On May 10, 1566, German Botanist Leonhart Fuchs passed away. Fuchs is best known for authoring a large book about plants and their uses as medicines, i.e. a Herbal Book, published in 1542 in Latin, with about 500 accurate and detailed drawings of plants printed from woodcuts.
Leonhart Fuchs – Early Years
Leonhart Fuchs was born in Wemding, near Donauwörth, Swabia, the son of the mayor of Wemding, Hans Fuchs († 1505). After schooling in his home town of Wemding, in Heilbronn and in Erfurt, Fuchs studied philosophy and natural science at the University of Erfurt in 1515. In 1516 he returned to Wemding, where he opened a private school, but closed it only a year later. In 1519, he studied Greek, Latin and Hebrew as well as philosophy at the University of Ingolstadt under the humanist and Hebraist Johannes Reuchlin. In 1521, he was awarded the Magister Artium teaching license and began studying medicine in Ingolstadt in the same year. In 1524 he became a doctor of medicine.
Professor of Medicine in Tübingen
1524/25 he practiced as a doctor in Munich and taught medicine in Ingolstadt from 1526. In 1528, after conflicts with the conservative Catholic leadership, he entered the service of the Ansbach Margrave George the Pious as a personal physician. In 1531 he was again appointed to Ingolstadt, but returned to Ansbach in 1533. In 1535, appointed by Duke Ulrich von Württemberg, he received a professorship of medicine at the University of Tübingen, where he was rector seven times (1536, 1540, 1546, 1549, 1554, 1560, 1564) and lived with his large family in the still existing “Nuns’ House”. He conducted botanical excursions and laid out a medicinal plant garden, the first botanical garden of the university and one of the oldest in the world Emperor Charles V raised it to the nobility.
One of the Fathers of Botany
Fuchs is regarded as one of the fathers of botany, as the main representative of New Galenism. Like his medieval predecessors and his contemporaries, Fuchs was heavily influenced by the three Greek and Roman writers on medicine and materia medica, Dioscorides, Hippocrates, and Galenus. He wanted to fight the Arab hegemony in medicine, as it had been transmitted by the Medical School of Salerno, and to “return” to the Greek authors. But he saw the importance of practical experience as well and offered botanical field days for the students, where he demonstrated the medicinal plants in situ. He has written over 50 books and polemics. He owes his great fame primarily to his herbal books, early textbooks of pharmacognosy.
The History of Plants
Leonhart Fuchs’ probably most famous book is titled De Historia Stirpium comentarii insignes (or Notable Commentaries on the History of Plants) and was published in 1542 after around 30 years of work. Prior to Fuchs’ efforts it was mostly uncommon to base herbal descriptions on scientific observation and rather base them on folk traditions. Fuchs was enthusiastic about illustrating plants and hired three men to help him with his work: Albrecht Meyer who specialized in drawing the plants, Heinrich Füllmaurer who was responsible for transferring the drawings into woodcuts, and Vitus Rudolph Speckle who was appointed to cut the blocks and print the illustrations.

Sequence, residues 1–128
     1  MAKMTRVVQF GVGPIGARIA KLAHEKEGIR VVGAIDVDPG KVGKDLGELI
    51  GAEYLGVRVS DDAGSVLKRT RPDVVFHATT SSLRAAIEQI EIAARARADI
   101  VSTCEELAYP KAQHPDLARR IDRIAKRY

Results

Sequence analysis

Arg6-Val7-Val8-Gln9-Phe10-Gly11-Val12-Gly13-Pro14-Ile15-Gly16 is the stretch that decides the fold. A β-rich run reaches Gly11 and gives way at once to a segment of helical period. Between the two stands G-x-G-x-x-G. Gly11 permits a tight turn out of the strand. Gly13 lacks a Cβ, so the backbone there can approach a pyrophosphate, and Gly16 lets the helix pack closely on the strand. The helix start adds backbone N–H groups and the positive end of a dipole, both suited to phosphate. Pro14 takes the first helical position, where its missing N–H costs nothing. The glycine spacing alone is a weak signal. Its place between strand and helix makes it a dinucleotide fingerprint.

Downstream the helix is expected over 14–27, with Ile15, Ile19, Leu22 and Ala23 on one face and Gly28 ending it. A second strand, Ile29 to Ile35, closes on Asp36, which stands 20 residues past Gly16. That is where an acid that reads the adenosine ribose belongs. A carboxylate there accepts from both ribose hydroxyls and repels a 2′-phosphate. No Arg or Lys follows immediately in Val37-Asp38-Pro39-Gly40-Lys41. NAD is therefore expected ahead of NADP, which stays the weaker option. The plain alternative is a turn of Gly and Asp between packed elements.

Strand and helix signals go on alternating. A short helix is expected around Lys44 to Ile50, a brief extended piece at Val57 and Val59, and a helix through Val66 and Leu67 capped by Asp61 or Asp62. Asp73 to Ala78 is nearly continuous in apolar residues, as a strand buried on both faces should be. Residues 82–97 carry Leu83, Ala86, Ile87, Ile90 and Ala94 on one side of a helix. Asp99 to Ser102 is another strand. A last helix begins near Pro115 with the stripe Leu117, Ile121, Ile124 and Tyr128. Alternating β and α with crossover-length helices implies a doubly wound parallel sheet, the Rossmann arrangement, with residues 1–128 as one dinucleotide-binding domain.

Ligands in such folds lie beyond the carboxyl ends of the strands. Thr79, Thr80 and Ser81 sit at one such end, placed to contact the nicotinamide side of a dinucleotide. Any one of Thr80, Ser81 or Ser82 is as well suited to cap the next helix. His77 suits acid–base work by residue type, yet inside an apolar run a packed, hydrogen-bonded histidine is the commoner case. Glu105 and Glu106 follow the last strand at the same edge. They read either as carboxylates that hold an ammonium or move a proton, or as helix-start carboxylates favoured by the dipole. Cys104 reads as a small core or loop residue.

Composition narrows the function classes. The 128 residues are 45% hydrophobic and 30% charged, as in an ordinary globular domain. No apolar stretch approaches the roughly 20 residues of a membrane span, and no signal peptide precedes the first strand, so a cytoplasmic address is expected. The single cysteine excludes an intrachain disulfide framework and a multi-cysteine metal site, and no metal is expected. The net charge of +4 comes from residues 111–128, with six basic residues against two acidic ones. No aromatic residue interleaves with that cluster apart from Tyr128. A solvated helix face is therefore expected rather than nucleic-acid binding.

The resulting book was intended as a guide to plant collection and contains 497 plants illustrated, in enormous detail, hand-colored. The plants were ordered alphabetically according to their Greek names, since the botanical Latin had not yet existed. With this work, Fuchs set new standards for botanical illustrations. Due to the level of detail, the illustrated plants could be used in the field of medicine and could be correctly identified in nature. Further, Leonhart Fuchs also included 12 New World plants such as maize, kidney bean, chili pepper, cactus, and tobacco.
After his death, the extensive manuscript with more than 1500 plant pictures reached the Austrian National Library in Vienna, where it has been preserved in its entirety to this day. On the other hand, only a few copies of his herb book plates have survived. Charles Plumier named the genus Fuchsia of the plant family of the evening primrose family (Onagraceae) in his honour. Carl von Linné later adopted this name,[4,5] The standard author abbreviation L.Fuchs is used to indicate this person as the author when citing a botanical name.
Leonhard Fuchs died in Tübingen in 1566. The botanical genus Fuchsia is named in his honour, and consequently the colour fuchsia.
References and Further Reading:
-  Leonard Fuchs at Botanical Art and Artists
-  De Historia Stirpium by Leonhart Fuchs at Missouri Library
-  The Three Founders of Botany
-  Royal Botanist Charles Plumier, SciHi Blog
-  How a Cobbler became the ‘Princeps Botanicorum’ – Carl Linnaeus, SciHi Blog
-  Leonhart Fuchs at Wikidata
-  De Historia Stirpium Commentarii Insignes (German edition, 1542). From Rare Book Room.
-  “Leonhart Fuchs”. Iowa State University
-  Timeline of Pre-Linnaean Botanists, via DBpedia and Wikidata